Construction groups seek more transportation funding as shutdown looms

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Updated Dec 21, 2020

infrastructure damages on highwayAs the deadline nears to prevent a federal government shutdown, the construction industry is calling on Congress to increase spending for highways, bridges and public transit.

The U.S. government has been operating on a continuing resolution passed in September and ending December 11. Congressional leaders are working on extending the appropriations through the rest of the fiscal year, which ends September 30, 2021. However, the divide between the Republican-majority Senate and Democratic-majority House is proving difficult to bridge. The House passed a bill Wednesday to extend the resolution an additional week, to December 18, to allow more time to reach a deal. That legislation now heads to the Senate.

Meanwhile, groups such as the American Association of State Highway and Transportation Officials, Associated General Contractors and the American Road & Transportation Builders Association are calling on Congress to boost transportation funding beyond what has been planned for the fiscal year.

In November, AASHTO sent a letter to congressional leaders asking for an additional $3.25 billion in FAST Act funding for federal highways and $834 million for transit grants to states. The Fixing America’s Surface Transportation Act was established in 2015 and provided $305 billion for fiscal years 2016 to 2020. It was set to expire September 30, but the continuing resolution calls for funding to keep it going another year.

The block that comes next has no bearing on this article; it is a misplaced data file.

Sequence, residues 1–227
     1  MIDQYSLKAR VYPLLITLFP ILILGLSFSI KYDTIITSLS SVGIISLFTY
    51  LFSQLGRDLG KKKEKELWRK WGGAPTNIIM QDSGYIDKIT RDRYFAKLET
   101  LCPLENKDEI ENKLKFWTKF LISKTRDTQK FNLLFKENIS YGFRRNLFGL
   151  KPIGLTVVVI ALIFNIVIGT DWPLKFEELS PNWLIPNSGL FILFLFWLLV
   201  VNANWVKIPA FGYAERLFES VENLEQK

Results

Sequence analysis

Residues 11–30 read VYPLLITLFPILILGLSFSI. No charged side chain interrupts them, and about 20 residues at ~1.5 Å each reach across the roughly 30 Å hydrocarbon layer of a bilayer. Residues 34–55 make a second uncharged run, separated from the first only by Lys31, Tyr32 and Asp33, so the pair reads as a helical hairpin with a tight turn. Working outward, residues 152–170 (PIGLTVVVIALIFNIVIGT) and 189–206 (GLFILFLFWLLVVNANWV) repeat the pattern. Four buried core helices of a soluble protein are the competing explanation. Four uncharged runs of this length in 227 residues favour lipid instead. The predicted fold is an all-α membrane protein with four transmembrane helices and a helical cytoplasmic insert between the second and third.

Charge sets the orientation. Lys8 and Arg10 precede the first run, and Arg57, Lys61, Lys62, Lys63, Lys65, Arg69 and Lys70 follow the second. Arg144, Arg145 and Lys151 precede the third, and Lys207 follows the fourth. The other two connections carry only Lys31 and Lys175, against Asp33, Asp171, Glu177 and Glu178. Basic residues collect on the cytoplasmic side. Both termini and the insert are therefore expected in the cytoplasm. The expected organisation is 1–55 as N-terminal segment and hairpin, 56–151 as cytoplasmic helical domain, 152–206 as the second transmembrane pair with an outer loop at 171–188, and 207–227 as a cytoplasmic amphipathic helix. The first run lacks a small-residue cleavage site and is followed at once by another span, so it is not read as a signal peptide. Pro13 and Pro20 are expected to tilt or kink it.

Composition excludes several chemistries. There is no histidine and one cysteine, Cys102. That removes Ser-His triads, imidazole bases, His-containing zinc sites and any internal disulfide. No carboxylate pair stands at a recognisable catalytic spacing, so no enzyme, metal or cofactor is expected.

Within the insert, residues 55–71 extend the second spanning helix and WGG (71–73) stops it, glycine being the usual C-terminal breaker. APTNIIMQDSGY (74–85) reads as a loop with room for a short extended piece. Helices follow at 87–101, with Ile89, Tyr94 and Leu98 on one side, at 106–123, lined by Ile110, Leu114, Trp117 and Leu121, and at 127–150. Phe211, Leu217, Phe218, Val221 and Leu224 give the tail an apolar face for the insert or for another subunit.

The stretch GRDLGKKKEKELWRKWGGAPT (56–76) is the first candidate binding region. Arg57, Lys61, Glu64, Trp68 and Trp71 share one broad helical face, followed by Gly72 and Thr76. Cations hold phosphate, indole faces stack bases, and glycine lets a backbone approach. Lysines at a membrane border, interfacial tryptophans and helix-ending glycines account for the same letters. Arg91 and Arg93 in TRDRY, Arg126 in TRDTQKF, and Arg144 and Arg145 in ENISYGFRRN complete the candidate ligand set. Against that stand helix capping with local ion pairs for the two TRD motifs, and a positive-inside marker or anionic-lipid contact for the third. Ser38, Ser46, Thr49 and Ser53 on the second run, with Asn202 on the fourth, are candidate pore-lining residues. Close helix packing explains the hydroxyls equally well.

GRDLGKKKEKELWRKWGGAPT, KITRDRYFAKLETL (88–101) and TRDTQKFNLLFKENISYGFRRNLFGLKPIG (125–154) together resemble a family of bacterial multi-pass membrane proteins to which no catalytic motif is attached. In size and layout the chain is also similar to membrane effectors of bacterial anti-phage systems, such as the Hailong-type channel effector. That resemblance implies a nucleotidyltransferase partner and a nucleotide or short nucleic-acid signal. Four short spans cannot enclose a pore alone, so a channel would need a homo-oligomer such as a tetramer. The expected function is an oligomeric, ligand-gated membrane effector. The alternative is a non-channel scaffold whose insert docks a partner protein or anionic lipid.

Also last month, the Transportation Construction Coalition asked in a letter for $2.4 billion in supplemental highway funding, $700 million more for public transportation and $500 million more for airports. The TCC includes ARTBA, AGC and 30 other construction-related groups and trade unions.

The TCC letter to congressional leaders notes the pandemic has reduced state revenues for transportation projects, causing some to be delayed or canceled.

“State departments of transportation and public transportation agencies canceled or delayed more than $12 billion in projects due to pandemic-related factors,” the letter says.

“Providing these additional federal funds will ensure a predictable, equitable and nationwide distribution of critical federal transportation infrastructure dollars – which is especially crucial this year with the severe impact of Covid-19 in every aspect of state DOT revenues and programs,” says the AASHTO letter.

Editor’s note: This story was updated to reflect House vote on stopgap measure.